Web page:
How to Find and Buy City-Owned Properties for Investing

Finding deals through the MLS can be frustrating for real estate investors. Dealing with stiff competition from other investors and homebuyers can make anyone want to look for greener pastures. One place that many investors will look for potential opportunities are city-owned properties. But are city-owned properties worth the effort? Let’s talk about how to find and buy city-owned properties to grow your real estate business. 

To find and buy city-owned properties, contact your local department of transportation and ask to be put on their sales list. You’ll receive regular updates about the city’s inventory and public auction dates. To purchase a city-owned property, you’ll need to attend their public auctions and become the winning bidder. 

There are a few caveats that I think are important to clear up about government-owned properties for sale. So let’s talk about why a city might own property and how you can get your hands on it. Plus, I’ll discuss some considerations that might make you look elsewhere for cheap real estate investment options. Let’s dive in.

What are City-Owned Properties?

In most cases, you won’t be dealing with your city specifically. Government-owned properties are usually owned by either the county or the state. But for the sake of argument, let’s group all of these together under “city owned.”

City-owned properties are either purchased from the homeowners for a specific project or foreclosed properties due to unpaid taxes.

Properties Bought for Specific Projects

A city will buy a block of homes from homeowners when they need to make way for things like expanded roads or infrastructure changes. It’s a fairly common occurrence that can happen for several reasons. The state of Tennessee did this in the early 20th century to build a new dam. Remember the movie Deliverance? That was also based on a municipality buying properties in order to flood them for a new waterway.

The city will offer homeowners a fair value for their property and will sometimes offer to purchase a new home on their behalf. Homeowners can walk a fine line when dealing with their town as some will refuse to sell until they get a better price. Sometimes the city will agree, but other times they can invoke Eminent Domain, allowing the town to force someone off the property without payment (or very little payment).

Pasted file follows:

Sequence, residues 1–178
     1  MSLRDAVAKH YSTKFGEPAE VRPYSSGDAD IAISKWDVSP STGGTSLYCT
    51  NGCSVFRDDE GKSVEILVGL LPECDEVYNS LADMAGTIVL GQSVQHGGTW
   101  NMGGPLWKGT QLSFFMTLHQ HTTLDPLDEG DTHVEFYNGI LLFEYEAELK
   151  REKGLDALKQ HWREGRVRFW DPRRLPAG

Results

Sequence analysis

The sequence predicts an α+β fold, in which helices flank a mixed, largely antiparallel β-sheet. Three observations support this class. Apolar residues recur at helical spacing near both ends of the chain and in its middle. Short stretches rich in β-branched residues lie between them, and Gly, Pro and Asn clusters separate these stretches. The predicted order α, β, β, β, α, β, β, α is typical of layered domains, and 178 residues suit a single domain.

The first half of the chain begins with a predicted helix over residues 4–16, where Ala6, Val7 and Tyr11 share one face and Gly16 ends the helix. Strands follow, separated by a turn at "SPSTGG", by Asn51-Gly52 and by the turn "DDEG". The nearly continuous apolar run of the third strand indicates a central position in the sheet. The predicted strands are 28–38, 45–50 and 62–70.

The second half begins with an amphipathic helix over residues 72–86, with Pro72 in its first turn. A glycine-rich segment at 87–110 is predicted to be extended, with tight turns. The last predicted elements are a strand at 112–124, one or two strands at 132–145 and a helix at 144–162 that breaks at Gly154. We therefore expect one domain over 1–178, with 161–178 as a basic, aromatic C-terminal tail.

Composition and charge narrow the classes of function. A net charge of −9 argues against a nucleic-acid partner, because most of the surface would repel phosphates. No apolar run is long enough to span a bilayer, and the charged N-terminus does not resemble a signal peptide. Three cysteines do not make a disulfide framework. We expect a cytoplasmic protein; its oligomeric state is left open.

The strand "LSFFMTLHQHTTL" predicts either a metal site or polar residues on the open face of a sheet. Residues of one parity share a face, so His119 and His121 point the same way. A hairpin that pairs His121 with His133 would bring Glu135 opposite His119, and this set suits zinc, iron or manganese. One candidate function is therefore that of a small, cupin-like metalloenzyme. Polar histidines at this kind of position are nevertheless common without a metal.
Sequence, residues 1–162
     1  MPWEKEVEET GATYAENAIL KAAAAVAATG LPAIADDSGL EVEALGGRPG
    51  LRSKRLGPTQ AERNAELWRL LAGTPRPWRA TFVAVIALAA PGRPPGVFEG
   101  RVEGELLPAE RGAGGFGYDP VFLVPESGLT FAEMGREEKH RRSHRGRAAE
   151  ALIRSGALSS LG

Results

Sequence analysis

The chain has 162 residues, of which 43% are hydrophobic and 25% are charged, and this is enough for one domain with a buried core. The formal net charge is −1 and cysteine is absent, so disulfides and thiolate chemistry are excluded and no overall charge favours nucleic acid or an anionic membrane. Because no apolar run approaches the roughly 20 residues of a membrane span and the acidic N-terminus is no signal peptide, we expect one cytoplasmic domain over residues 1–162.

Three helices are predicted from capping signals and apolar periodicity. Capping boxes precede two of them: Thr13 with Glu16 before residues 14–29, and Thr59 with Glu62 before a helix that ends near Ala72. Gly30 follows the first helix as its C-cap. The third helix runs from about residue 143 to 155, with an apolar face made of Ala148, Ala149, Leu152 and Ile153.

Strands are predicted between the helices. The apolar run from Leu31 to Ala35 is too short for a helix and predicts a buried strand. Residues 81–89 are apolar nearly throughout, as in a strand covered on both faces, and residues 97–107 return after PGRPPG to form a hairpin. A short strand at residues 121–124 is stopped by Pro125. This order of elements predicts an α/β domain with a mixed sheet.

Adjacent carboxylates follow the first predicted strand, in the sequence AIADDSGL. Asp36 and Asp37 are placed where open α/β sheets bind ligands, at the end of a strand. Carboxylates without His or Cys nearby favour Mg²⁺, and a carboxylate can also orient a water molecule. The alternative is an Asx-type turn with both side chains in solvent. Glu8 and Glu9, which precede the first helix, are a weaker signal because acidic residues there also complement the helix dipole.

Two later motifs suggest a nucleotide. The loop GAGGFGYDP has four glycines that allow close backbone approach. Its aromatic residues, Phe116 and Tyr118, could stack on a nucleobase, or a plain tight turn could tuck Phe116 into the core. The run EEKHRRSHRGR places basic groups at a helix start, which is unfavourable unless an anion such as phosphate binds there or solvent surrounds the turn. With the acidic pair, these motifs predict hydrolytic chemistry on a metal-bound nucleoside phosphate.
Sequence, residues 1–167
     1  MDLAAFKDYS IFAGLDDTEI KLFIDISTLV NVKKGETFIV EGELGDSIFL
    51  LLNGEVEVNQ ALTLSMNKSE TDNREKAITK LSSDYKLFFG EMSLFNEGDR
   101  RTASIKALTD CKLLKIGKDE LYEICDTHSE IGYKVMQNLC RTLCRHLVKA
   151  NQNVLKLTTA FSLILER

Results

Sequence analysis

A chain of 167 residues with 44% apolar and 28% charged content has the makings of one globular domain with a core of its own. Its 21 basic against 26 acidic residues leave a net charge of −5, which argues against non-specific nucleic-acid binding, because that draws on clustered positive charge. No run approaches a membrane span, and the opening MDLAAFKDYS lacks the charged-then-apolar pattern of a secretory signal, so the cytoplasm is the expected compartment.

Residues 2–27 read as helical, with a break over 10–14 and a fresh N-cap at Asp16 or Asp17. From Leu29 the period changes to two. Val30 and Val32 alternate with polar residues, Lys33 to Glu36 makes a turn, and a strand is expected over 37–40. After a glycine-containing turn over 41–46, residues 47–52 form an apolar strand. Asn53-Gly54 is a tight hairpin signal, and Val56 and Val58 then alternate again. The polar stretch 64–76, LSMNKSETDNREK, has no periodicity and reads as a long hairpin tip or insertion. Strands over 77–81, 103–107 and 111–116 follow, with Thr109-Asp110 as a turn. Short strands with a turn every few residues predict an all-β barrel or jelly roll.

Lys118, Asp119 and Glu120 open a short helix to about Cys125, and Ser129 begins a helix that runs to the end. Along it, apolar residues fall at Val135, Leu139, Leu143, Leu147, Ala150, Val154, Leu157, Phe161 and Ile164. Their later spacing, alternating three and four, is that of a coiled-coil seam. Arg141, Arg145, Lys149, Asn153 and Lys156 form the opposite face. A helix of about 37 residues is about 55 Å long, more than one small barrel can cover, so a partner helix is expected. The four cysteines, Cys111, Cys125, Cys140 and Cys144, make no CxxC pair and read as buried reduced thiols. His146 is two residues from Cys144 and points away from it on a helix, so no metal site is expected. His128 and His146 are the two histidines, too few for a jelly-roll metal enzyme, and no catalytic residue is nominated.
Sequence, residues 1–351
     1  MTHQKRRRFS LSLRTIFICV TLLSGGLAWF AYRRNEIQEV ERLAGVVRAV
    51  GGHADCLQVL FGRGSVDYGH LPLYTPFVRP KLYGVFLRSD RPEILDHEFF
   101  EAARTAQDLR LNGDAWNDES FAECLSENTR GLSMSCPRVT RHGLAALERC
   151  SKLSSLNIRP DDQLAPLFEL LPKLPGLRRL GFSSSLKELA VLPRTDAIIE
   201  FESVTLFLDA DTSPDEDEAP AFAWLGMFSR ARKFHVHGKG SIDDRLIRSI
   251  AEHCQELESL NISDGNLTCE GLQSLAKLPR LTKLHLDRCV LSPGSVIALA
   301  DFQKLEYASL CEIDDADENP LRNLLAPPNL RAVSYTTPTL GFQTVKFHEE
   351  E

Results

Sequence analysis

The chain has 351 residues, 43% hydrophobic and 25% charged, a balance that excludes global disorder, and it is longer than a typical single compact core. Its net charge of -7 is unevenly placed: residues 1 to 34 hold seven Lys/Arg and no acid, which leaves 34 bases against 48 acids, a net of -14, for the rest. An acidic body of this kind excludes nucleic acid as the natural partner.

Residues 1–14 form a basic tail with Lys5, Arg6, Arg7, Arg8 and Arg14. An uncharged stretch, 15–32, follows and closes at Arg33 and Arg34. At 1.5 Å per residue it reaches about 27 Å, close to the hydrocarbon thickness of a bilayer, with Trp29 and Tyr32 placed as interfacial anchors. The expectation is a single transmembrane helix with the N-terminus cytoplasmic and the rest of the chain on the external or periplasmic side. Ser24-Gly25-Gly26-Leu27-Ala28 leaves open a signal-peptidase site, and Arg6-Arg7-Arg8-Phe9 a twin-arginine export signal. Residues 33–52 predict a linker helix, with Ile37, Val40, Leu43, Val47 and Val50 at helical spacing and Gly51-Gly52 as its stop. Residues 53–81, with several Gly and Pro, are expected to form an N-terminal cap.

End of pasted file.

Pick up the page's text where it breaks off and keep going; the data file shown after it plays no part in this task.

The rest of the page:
What usually happens is that the city will overbuy the number of properties they need to finish the project (better safe than sorry) and will end up with an inventory of excess properties. When this happens, they’ll list the extra inventory up for sale.

Properties Foreclosed on Due to Unpaid Taxes

If a homeowner falls behind on their property taxes, the city can foreclose on the home. Property taxes take priority over any other debts associated with the house, including the mortgage. Even if the homeowner is up-to-date with their mortgage payments but behind on their taxes, they can lose their home. This is often why you’ll see property taxes rolled into mortgages; that way, the lender knows the city gets paid, and the bank makes their money back, too. 

If a property is foreclosed on, the city will issue a tax lien on the home. The municipality may then run a public auction to unload the tax liens off in bulk. Investors who win the auctions can then receive interest on payments the homeowner makes to get current. If the homeowner cannot get back into good standing, the investor may be able to foreclose on the home and take over ownership.